A week or so ago, my loving wife called me a Dirt Worshipping Dog Hoarder. Granted I dragged the family 3 hours south to buy another dog, and yes I have been spending the day, sun up to sun down, outside getting dirty and sunburned for the last couple of weeks, but just like the Gamble Oaks bud out, make leaves and drop them to the forest floor, I have a job to do.
Each and every morning that I have awakened this Spring as
my loving wife is headed off to work, I have thought to myself, “I am going to
do some serious spring cleaning today…
I am going to pull out the stove and clean out behind it, clean the
fridge, take all the sofa cushions covers off and run them through the wash and
hang them on the line so that that wonderful spring air can infiltrate them.”
Despite my intentions, however, I haven’t done any of these chores.
We could blame a millions things…. I am lazy or unmotivated. I have ADHD. Maybe I am hoarding all the Legos, popcorn pieces, and wooden food that are jammed into my sofa. I think it is much more direct than all these things. There are no underlying problems. It’s Karma. Every action has a reaction.
|A happy hops plant.|
While in the Midwest the acorn grows into a mighty Oak, up on this hill the acorn grows into a small shrub called a Gamble Oak. Under the low hanging branches of Pinion and Juniper forest, the ground-hugging groves of gamble oak grow. Simply impassable to humans, the coyotes, rats, rabbits, and snakes enjoy a life oft too uncommon to wildlife in most of this country. Each fall these little shrubs shed their leaves much in the same way that their mighty cousins do Back East. Over the years the leaves pile up, holding tight to the earth below the ground hugging branches of the gamble oak, tight enough that the hurricane force wind of spring can’t blow them away. And there they sit year after year nurturing this rocky sandy soil.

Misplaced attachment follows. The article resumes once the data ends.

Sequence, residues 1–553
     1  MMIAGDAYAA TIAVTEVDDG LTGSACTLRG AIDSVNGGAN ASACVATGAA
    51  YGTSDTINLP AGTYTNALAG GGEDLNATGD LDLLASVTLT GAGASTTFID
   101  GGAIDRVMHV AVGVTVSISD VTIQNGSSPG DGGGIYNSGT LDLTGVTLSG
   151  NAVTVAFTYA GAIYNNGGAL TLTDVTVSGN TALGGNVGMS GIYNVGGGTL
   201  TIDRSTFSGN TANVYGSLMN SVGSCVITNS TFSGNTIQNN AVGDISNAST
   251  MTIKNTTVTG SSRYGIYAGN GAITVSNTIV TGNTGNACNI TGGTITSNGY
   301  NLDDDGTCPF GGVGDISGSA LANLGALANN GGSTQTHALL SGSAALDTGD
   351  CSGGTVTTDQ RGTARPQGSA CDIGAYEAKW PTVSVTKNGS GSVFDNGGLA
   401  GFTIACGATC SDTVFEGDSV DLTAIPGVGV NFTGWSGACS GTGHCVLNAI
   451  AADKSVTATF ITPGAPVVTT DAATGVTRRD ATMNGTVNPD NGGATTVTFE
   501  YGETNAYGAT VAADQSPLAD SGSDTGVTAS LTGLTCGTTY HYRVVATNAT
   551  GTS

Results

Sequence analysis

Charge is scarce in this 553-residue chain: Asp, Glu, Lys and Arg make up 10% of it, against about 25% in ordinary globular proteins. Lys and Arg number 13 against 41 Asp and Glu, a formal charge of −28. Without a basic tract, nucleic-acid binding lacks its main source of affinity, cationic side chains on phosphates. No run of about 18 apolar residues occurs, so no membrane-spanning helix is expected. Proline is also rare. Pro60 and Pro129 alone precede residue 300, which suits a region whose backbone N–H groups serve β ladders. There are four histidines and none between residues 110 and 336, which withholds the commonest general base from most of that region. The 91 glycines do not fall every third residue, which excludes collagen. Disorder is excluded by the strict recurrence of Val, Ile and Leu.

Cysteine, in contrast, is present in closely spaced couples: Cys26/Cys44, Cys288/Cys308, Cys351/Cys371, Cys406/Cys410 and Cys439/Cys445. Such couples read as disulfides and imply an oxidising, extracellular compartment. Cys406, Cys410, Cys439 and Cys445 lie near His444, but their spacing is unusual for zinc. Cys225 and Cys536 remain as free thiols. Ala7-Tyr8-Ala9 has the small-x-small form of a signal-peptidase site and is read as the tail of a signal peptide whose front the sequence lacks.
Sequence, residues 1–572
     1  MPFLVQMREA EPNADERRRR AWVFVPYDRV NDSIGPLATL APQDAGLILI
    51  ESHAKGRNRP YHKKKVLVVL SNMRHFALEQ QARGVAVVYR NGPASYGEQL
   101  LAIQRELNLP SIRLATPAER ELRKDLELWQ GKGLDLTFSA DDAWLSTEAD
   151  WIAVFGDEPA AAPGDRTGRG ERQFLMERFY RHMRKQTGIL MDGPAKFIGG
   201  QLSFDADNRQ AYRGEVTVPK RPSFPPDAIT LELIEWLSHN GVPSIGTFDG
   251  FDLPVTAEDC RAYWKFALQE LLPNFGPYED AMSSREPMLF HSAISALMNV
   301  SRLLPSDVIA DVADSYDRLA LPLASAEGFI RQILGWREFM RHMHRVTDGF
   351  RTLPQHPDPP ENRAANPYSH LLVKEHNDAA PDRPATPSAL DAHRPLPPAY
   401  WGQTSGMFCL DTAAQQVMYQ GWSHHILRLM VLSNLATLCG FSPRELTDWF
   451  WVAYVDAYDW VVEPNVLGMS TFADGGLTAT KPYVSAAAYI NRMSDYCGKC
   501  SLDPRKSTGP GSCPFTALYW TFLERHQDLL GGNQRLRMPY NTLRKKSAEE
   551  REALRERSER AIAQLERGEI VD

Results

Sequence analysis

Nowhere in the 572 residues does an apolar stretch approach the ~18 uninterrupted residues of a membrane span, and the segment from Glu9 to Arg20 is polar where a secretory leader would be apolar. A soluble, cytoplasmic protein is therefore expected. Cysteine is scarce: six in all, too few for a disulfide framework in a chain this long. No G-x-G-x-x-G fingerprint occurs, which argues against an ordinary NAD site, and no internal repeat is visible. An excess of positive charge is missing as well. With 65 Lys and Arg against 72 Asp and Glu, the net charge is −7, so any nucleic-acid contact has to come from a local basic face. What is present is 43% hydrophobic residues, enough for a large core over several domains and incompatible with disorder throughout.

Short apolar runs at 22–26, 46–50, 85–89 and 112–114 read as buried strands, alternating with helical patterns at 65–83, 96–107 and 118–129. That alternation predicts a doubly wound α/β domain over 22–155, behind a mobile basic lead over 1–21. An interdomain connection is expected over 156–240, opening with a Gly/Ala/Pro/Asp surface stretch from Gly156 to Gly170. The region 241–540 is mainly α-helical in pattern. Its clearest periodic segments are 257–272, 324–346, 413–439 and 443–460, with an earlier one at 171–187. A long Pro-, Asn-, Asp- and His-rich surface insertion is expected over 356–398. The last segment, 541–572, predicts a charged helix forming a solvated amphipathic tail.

As the Gamble Oak provides leaves year after year, I too
have a job. I am coordinator of
nutrients, collector and deliverer of water, nurturer of soil and plant, I
provide cover when a late frost threatens tender young plants. Before this Spring I didn’t know how to
serve her. This hill on top of
this mountain seemed incapable of growing food. Until, I listened.
All I had to do was listen.
|Our soil before and after.|
I do her bidding, and she thanks me with beautiful weather, sunburns, dirty tired children, ecstatic dogs, glories sunsets, endless vistas, and harvest.
I guess my loving wife was half-right when she called me a Dirt Worshiping Dog Hoarder the other day. My actions in service to this earth are a form of worship. I listen and provide for her and she provides for us.